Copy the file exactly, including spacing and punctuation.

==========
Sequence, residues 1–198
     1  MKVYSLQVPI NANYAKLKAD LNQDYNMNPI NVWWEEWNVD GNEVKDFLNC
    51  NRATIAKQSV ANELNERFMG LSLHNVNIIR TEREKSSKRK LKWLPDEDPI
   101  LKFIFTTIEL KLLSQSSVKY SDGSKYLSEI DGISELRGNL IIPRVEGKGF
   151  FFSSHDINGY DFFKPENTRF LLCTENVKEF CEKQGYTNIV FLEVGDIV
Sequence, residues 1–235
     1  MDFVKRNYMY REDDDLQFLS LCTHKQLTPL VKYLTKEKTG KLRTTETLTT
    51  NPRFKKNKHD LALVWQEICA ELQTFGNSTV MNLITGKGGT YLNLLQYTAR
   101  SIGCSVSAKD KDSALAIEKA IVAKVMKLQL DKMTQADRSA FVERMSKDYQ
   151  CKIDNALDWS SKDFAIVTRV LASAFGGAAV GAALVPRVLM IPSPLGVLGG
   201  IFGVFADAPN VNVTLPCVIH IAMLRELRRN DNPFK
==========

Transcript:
Sequence, residues 1–198
     1  MKVYSLQVPI NANYAKLKAD LNQDYNMNPI NVWWEEWNVD GNEVKDFLNC
    51  NRATIAKQSV ANELNERFMG LSLHNVNIIR TEREKSSKRK LKWLPDEDPI
   101  LKFIFTTIEL KLLSQSSVKY SDGSKYLSEI DGISELRGNL IIPRVEGKGF
   151  FFSSHDINGY DFFKPENTRF LLCTENVKEF CEKQGYTNIV FLEVGDIV
Sequence, residues 1–235
     1  MDFVKRNYMY REDDDLQFLS LCTHKQLTPL VKYLTKEKTG KLRTTETLTT
    51  NPRFKKNKHD LALVWQEICA ELQTFGNSTV MNLITGKGGT YLNLLQYTAR
   101  SIGCSVSAKD KDSALAIEKA IVAKVMKLQL DKMTQADRSA FVERMSKDYQ
   151  CKIDNALDWS SKDFAIVTRV LASAFGGAAV GAALVPRVLM IPSPLGVLGG
   201  IFGVFADAPN VNVTLPCVIH IAMLRELRRN DNPFK